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Shanin Specter: Allegheny County jury awards record $109 million to family of electrocuted Hempfield woman

By Paul Peirce


Published: Thursday, December 6, 2012, 4:16 p.m.

An Allegheny County jury Thursday afternoon awarded $109 million, including $61
million in punitive damages, in the death of a Hempfield woman who was
electrocuted by a downed West Penn Power Co. line in 2009.

Judge Michael A. Della Vecchia said the award is the largest in Allegheny County
history and likely in Western Pennsylvania.

The jury deliberated only 90 minutes before returning the verdict despite
mountains of evidence during the two-week trial, including multiple pieces of
the downed wire and utility company logs, books and interoffice memos.

During their deliberations, jurors asked only to see three photographs taken
during Carrie Goretzka’s autopsy.

Juror Tina Wojton of Pittsburgh said, “There was a lot of evidence to review
during the trial, but once we got back there, we spent a lot of time talking and
laying out the evidence.

“It was nice to know that everyone was pretty much in agreement,” she said.

Wojton said the jurors hope the $61 million in punitive damages sends a message
to utility companies to be more careful.

“None of us ever want to see something terrible like this ever happen again,”
she said.

Michael Goretzka hugged his attorney, Shanin Specter of Philadelphia, and wiped
tears from his eyes as the verdict and penalty damages were read.

Michael Goretzka and his mother, Joann, embraced and shook hands with each juror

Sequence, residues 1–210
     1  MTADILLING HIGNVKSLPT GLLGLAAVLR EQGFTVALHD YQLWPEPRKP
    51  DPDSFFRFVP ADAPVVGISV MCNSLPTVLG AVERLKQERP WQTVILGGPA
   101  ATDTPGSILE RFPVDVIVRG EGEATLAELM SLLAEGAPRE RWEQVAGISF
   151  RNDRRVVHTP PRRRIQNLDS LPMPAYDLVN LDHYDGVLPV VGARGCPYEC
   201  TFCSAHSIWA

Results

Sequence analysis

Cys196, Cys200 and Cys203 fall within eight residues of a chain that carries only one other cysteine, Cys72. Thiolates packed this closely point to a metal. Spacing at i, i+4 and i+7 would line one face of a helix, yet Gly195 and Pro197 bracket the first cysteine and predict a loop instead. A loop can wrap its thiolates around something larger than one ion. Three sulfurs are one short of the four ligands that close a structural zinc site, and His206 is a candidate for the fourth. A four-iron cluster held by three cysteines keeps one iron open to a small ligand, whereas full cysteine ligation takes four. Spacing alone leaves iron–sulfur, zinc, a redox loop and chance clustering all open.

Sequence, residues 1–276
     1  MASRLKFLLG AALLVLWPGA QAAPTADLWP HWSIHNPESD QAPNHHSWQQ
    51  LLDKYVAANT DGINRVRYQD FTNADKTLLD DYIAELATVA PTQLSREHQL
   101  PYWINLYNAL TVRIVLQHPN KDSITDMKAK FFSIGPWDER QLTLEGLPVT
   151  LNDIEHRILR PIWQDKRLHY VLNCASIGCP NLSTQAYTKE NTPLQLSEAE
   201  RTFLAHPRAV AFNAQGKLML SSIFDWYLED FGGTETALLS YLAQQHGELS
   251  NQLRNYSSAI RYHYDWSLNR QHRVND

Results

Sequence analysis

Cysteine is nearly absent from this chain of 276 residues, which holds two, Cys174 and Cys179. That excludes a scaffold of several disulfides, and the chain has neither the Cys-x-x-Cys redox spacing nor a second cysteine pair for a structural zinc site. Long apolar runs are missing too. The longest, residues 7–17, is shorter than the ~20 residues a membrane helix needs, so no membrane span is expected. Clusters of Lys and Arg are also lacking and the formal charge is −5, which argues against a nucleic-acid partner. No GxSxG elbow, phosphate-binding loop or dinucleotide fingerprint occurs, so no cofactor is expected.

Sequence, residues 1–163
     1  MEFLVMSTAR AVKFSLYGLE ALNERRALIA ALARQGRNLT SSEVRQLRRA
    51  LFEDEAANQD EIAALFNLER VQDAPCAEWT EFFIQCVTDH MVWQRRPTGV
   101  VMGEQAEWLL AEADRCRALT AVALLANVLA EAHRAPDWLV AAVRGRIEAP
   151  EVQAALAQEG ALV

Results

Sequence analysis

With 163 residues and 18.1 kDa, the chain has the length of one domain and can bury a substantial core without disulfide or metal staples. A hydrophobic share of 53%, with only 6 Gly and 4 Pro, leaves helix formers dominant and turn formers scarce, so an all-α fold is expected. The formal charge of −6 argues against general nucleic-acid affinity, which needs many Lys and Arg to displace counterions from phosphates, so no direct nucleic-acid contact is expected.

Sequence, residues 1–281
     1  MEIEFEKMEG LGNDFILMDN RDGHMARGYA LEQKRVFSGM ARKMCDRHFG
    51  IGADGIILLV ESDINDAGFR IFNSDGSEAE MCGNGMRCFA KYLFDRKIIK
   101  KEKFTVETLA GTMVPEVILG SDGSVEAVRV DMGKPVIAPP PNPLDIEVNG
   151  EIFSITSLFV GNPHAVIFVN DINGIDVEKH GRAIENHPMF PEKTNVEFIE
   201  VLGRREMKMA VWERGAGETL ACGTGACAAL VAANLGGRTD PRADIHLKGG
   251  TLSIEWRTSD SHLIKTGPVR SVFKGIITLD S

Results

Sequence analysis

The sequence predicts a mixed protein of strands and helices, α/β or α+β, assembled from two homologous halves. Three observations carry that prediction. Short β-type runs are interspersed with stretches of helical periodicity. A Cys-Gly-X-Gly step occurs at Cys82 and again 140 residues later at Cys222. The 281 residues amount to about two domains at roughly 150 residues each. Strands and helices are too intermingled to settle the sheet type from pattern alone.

as the panel left the courtroom.

Specter said the size of the verdict should send a message to utility companies
across the state that they should be more careful in safeguarding the public.

“It’s terrible that we can’t bring back Carrie, but this jury honored her
memory” with the verdict, he said.

Jurors heard attorney Shanin Specter’s closing statements on Thursday morning on
behalf of Michael Goretzka, Carrie’s husband; their two young daughter’s, Chloe,
8, and Carlie, 6; and Michael’s mother, Joann, who saw the 7,200-volt line fall
onto the victim.

Carrie Goretzka died in UPMC Mercy Hospital in Pittsburgh of burn injuries three
days after the accident.

Jurors began deliberations Thursday afternoon. The family had sought unspecified
damages against the utility.

On Wednesday, the attorney for West Penn Power pleaded with the jury to focus on
scientific evidence rather than emotion when determining its verdict in the
death of Carrie Goretzka, 39.

Avrum Levicoff of Pittsburgh, who represents the utility company in a wrongful
death lawsuit filed by the Goretzka’s heirs, told jurors during his closing
argument that evidence presented during the trial does not prove that negligence
by West Penn Power Co. or its employees caused the June 2, 2009, accident
outside the victim’s West Hempfield Drive residence.

Joann Goretzka, 69, “We’re excited, we’re overwhelmed, and that’s about all I
can say right now,”

Carol Rizzo, Michael Goretzka’s sister, who helps to take care of the two
Goretka daughters, said. “We were just hoping that they would do the right thing
so that this will never, ever happen again. It won’t bring back Chloe and
Carlie’s mother, but we don’t want to ever see anybody ever have to go through
what our family has gone through.”

Michael Goretzka declined comment as he left the courthouse with his attorney.
West Penn attorney Avrum XX declined comment and would not say whether the
company would file an appeal.

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